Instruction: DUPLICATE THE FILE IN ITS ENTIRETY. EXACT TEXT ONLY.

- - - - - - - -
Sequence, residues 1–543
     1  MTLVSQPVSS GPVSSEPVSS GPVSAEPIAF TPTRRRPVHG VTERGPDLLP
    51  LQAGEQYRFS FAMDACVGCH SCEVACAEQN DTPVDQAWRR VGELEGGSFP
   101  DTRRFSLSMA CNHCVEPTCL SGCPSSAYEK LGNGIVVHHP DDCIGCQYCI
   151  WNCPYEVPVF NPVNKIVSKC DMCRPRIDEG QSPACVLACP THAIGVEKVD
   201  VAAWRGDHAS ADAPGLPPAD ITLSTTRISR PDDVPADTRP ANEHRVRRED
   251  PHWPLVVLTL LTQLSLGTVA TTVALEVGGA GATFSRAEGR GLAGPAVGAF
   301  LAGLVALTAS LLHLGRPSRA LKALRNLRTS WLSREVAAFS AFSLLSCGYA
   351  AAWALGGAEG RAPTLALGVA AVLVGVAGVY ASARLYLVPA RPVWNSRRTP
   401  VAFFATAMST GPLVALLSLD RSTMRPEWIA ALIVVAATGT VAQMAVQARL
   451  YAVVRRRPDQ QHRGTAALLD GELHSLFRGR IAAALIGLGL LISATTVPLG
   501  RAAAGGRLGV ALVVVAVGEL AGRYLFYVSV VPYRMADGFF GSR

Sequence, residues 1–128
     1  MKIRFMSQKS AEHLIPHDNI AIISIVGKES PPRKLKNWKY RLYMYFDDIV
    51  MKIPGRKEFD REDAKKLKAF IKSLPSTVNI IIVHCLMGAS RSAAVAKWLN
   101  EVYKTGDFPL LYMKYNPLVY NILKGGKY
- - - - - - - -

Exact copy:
Sequence, residues 1–543
     1  MTLVSQPVSS GPVSSEPVSS GPVSAEPIAF TPTRRRPVHG VTERGPDLLP
    51  LQAGEQYRFS FAMDACVGCH SCEVACAEQN DTPVDQAWRR VGELEGGSFP
   101  DTRRFSLSMA CNHCVEPTCL SGCPSSAYEK LGNGIVVHHP DDCIGCQYCI
   151  WNCPYEVPVF NPVNKIVSKC DMCRPRIDEG QSPACVLACP THAIGVEKVD
   201  VAAWRGDHAS ADAPGLPPAD ITLSTTRISR PDDVPADTRP ANEHRVRRED
   251  PHWPLVVLTL LTQLSLGTVA TTVALEVGGA GATFSRAEGR GLAGPAVGAF
   301  LAGLVALTAS LLHLGRPSRA LKALRNLRTS WLSREVAAFS AFSLLSCGYA
   351  AAWALGGAEG RAPTLALGVA AVLVGVAGVY ASARLYLVPA RPVWNSRRTP
   401  VAFFATAMST GPLVALLSLD RSTMRPEWIA ALIVVAATGT VAQMAVQARL
   451  YAVVRRRPDQ QHRGTAALLD GELHSLFRGR IAAALIGLGL LISATTVPLG
   501  RAAAGGRLGV ALVVVAVGEL AGRYLFYVSV VPYRMADGFF GSR

Sequence, residues 1–128
     1  MKIRFMSQKS AEHLIPHDNI AIISIVGKES PPRKLKNWKY RLYMYFDDIV
    51  MKIPGRKEFD REDAKKLKAF IKSLPSTVNI IIVHCLMGAS RSAAVAKWLN
   101  EVYKTGDFPL LYMKYNPLVY NILKGGKY